Capitol Hill (CNN) - Who can you trust these days?
According to a Pew Research Center survey released last September, the public has serious trust issue with both politicians (59% did not trust information from Congress) and the media (39% did not trust national news organizations).
Washington (CNN) – What exactly is in this $150 billion Valentine's Day compromise on the table in Congress? Among the details: some significant changes to unemployment benefits. It's not out in public yet, but Republican and Democratic sources have given the CNN Hill team a look at some key specifics.
Keep reading for our quick and clear 101 of the deal.
Washington (CNN) - Cast aside the drama (exciting as it is) of the GOP nomination and you get to the truth: it still comes down to cold, hard delegate numbers. By CNN's estimates, Mitt Romney has a commanding early lead, despite wins and second places by all three of his opponents.
So, let's be realistic. Is there a feasible path for a non-Romney to win? "There is," said Sean Trende, senior analyst for Real Clear Politics. "It's a very narrow path but it's starting to shape up that way."
What is that path? Listen to our American Sauce podcast here. Or keep reading.
Atlanta (CNN) – Camp Gingrich plays the theme song from "The Karate Kid." Mitt Romney? He's wrapping himself in the long-haired high octaves of Kid Rock. Really.
Why? Strategy. Music, in fact, may be the least-criticized and least-analyzed piece of subliminal campaign strategy. So, this week American Sauce looks the melodic and political reasons politicians pick their rally songs.
Listen to the podcast here or keep reading.
Washington (CNN) – Jun Takao fully understands the Iowa caucuses, the New Hampshire primary and the complicated fight for convention delegates. But the veteran Japanese journalist and Washington bureau chief does not comprehend one thing about American presidential elections.
"What's interesting for the audience (about) listening to the debate dozens of times?" he asked. "Sometimes it's total repetition."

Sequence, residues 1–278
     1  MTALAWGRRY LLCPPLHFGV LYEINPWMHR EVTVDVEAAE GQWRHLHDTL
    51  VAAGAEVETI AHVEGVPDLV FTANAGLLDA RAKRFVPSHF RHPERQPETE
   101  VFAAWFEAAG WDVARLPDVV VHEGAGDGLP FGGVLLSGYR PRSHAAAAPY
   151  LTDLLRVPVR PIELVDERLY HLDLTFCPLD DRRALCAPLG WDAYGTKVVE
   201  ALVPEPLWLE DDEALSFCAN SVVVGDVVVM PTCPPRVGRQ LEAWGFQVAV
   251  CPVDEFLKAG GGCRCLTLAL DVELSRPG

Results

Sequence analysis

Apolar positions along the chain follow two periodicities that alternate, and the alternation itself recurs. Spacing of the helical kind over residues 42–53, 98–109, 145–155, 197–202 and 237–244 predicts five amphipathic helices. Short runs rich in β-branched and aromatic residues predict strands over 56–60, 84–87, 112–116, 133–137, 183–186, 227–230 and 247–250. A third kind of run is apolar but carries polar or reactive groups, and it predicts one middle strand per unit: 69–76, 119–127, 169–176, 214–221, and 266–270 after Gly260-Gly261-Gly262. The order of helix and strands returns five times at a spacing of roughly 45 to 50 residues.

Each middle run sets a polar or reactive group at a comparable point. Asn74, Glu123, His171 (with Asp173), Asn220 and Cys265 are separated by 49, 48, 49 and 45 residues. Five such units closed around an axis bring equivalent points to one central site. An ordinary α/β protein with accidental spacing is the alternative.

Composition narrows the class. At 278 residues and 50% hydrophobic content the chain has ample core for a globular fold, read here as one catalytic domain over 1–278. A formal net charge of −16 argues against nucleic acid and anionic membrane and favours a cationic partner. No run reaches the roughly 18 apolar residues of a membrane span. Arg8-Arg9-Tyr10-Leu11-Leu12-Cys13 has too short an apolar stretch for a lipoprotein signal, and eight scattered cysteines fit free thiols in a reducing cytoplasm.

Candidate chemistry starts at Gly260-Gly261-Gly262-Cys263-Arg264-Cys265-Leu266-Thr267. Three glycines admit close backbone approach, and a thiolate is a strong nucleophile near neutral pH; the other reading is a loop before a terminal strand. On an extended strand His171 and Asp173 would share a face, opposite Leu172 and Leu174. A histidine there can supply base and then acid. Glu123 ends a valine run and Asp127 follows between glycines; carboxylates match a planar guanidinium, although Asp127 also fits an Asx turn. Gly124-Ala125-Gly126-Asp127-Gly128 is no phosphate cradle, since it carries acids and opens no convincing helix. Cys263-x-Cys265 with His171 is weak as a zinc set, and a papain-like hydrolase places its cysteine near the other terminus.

Listen to Takao's other thoughts and the latest from the campaign trail in our podcast here. Or keep reading for more.
Iowa City, Iowa (CNN) - As polls and pundits try to handicap the Republican nomination race, the smart money may be on a little-known commodity market which has proven to be a leading indicator of trends in campaigns.
"Traders have incentive not to tell us what they want to happen... but what they think will happen," said Joyce Berg, who directs the Iowa Electronic Markets, or IEM, at the University of Iowa.
To listen to our podcast on the campaign, including what market trends sound like for different candidates, click here. Or keep reading for more.
Des Moines (CNN) - Hours before Iowa caucuses, the Ron Paul campaign has launched its sharpest anti-Romney attack ad yet, a one-minute radio spot calling the former Massachusetts governor a "liberal" who has supported government bailouts, healthcare mandates and big government.
The ad was running in Iowa Tuesday morning and afternoon.
CNN Live: Tune in tonight at 7 p.m. ET for CNN's live special coverage of the Iowa Caucuses and follow real-time results on CNNPolitics.com and on Twitter at #cnnelections. Stay up to date with CNN apps for iPhone, iPad, Android or other phones.
Des Moines (CNN) – Think the Iowa caucuses are about who wins? Think of this as a hard, cold numbers game? Try again. There is an art to the caucuses, an art of strategy and sweat that many outside the Hawkeye State never understand.
"This state has never, in my opinion, been about the win," said Jim Conklin, who trains the caucus volunteers for the Linn County Republican Party, in Cedar Rapids. "It's about the people who get weeded out."
In this week's American Sauce podcast, we lay out the true art of the caucuses: the Republican recruiting bonanza, the show leather game, as well as the sharp battle within the Iowa GOP over religion and what, ultimately, the caucuses mean. Listen here or keep reading.
Capitol Hill (CNN) – One month before the Iowa caucuses, a seminal event in American democracy, excitement does not seem to be the dominant feeling among voters. Try cynicism.
Trust in government is at an all-time low. A whopping 72% of Republicans have not made up their minds on a definite candidate yet (an increase in that figure from October). And among a core group of Democrats – whites with no college education – half say they don't want President Obama on the ballot in 2012.
But voters on all sides may be more pessimistic than the situation warrants, or so says an award-winning economist. Listen here for our "Campaign Cynical" podcast or click to keep reading.
Capitol Hill (CNN) - Is gridlock the new normal in Congress?
Julie Hassett, whose livelihood is impacted by the answer, says yes.